Explaining Focal Points: Cognitive Hierarchy Theory versus Team Reasoning
AbstractThis paper reports experimental tests of two alternative explanations of how players use focal points to select equilibria in one-shot coordination games. Cognitive hierarchy theory explains coordination as the result of common beliefs about players’ pre-reflective inclinations towards the relevant strategies; the theory of team reasoning explains it as the result of the players’ using a non-standard form of reasoning. We report two experiments. One finds strong support for team reasoning; the other supports cognitive hierarchy theory. In the light of additional questionnaire evidence, we conclude that players’ reasoning is sensitive to the decision context.
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Bibliographic InfoPaper provided by The Centre for Decision Research and Experimental Economics, School of Economics, University of Nottingham in its series Discussion Papers with number 2008-17.
Date of creation: Dec 2008
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salience; focal point; cognitive hierarchy; team reasoning;
Other versions of this item:
- Nicholas Bardsley & Judith Mehta & Chris Starmer & Robert Sugden, 2010. "Explaining Focal Points: Cognitive Hierarchy Theory "versus" Team Reasoning," Economic Journal, Royal Economic Society, vol. 120(543), pages 40-79, 03.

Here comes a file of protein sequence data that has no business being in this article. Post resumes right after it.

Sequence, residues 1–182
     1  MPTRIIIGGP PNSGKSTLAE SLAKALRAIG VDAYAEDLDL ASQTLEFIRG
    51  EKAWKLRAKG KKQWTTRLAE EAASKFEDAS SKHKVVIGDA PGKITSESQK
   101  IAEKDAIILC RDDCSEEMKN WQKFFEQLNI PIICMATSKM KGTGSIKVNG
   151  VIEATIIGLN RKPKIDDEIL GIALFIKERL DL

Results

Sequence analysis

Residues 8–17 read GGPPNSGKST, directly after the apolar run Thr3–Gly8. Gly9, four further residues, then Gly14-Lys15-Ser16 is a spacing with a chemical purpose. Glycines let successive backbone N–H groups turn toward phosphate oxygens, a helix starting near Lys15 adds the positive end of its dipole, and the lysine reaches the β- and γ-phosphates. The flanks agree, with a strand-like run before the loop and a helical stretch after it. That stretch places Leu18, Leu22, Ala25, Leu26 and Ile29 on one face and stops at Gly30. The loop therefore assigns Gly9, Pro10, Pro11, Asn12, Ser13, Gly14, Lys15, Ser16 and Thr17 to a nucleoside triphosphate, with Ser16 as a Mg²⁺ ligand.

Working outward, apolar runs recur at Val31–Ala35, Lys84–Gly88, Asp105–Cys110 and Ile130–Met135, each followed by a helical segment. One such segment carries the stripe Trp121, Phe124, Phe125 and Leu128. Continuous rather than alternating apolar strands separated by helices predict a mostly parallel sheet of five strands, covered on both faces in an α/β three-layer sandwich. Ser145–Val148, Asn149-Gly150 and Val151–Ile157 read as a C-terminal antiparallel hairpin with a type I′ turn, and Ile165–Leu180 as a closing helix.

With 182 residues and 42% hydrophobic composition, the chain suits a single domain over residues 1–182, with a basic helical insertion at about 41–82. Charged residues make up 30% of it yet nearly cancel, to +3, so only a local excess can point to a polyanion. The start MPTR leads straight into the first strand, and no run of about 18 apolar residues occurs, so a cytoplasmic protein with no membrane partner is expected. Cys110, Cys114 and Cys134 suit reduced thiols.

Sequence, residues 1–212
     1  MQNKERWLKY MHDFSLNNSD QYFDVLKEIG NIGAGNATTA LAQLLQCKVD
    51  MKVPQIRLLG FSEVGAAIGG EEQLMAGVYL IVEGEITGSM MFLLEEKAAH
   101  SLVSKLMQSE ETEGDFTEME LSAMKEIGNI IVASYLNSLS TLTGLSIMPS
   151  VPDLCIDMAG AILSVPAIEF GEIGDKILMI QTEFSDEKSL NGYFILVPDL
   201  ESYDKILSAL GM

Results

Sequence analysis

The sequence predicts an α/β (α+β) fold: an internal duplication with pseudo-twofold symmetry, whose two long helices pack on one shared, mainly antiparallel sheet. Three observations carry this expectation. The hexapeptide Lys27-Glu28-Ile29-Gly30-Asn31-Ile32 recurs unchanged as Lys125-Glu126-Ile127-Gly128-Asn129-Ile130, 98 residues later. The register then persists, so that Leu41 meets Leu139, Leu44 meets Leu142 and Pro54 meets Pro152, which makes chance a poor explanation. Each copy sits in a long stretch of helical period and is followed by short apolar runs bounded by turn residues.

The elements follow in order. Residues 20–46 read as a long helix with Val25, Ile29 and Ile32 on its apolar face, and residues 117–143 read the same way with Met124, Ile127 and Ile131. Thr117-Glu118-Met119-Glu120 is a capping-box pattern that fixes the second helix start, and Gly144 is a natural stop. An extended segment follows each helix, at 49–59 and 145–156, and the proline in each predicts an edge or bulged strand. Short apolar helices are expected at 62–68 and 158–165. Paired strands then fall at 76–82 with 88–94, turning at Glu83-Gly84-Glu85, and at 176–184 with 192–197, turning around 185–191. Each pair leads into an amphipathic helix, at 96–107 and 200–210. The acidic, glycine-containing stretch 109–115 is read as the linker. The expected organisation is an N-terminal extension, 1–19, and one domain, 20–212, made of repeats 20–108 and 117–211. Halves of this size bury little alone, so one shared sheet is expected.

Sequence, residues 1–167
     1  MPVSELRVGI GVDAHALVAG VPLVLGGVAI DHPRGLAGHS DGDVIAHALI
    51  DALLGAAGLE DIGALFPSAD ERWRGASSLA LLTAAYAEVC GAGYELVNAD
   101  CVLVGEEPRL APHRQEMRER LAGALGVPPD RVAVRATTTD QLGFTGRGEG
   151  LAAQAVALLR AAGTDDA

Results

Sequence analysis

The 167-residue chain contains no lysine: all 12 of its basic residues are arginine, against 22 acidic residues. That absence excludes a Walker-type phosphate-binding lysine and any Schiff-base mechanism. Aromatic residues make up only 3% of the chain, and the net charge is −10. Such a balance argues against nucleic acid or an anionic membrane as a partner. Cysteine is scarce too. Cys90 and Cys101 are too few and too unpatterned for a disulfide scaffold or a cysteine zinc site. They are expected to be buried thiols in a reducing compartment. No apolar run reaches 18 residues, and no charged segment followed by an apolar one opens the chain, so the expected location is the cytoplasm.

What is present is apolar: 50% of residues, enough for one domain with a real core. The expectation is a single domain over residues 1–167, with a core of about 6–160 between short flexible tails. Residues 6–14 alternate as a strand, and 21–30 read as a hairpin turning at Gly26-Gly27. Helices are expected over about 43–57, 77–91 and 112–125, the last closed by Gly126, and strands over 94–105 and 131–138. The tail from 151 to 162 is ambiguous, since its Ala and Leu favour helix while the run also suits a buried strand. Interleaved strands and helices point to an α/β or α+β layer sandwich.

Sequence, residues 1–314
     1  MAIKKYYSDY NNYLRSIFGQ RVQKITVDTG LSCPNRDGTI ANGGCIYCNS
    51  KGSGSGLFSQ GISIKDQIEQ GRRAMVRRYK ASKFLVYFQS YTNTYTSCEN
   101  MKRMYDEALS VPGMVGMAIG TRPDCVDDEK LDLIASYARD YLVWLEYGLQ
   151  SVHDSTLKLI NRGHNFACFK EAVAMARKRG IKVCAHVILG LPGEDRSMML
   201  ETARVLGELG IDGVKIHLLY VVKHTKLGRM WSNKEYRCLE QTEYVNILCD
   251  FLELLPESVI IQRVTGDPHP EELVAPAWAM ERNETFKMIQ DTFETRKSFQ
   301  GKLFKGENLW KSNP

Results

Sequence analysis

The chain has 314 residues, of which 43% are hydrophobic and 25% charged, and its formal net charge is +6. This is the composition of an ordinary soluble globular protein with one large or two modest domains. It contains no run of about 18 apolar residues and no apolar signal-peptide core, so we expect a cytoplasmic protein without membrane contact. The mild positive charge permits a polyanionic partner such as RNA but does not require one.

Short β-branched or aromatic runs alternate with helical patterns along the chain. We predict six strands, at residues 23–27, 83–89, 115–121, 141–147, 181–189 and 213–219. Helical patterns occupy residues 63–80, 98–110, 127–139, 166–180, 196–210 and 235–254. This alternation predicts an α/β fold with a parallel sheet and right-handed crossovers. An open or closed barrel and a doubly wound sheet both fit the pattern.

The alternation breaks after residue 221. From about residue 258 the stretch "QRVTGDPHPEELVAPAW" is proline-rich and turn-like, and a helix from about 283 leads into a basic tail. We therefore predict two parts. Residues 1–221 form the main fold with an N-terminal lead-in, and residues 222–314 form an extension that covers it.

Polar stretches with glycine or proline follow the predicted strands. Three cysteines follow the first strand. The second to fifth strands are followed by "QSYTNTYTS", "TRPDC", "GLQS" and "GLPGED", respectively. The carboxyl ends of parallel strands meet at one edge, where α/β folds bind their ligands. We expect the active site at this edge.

- Nicholas Bardsley & Judith Mehta & Chris Starmer & Robert Sugden, 2008. "Explaining Focal Points: Cognitive Hierarchy Theory versus Team Reasoning," Discussion Papers 2008-17, The Centre for Decision Research and Experimental Economics, School of Economics, University of Nottingham.
- C72 - Mathematical and Quantitative Methods - - Game Theory and Bargaining Theory - - - Noncooperative Games
- C92 - Mathematical and Quantitative Methods - - Design of Experiments - - - Laboratory, Group Behavior
This paper has been announced in the following NEP Reports:
- NEP-ALL-2009-01-10 (All new papers)
- NEP-CBE-2009-01-10 (Cognitive & Behavioural Economics)
- NEP-EXP-2009-01-10 (Experimental Economics)
- NEP-GTH-2009-01-10 (Game Theory)
- NEP-SPO-2009-01-10 (Sports & Economics)
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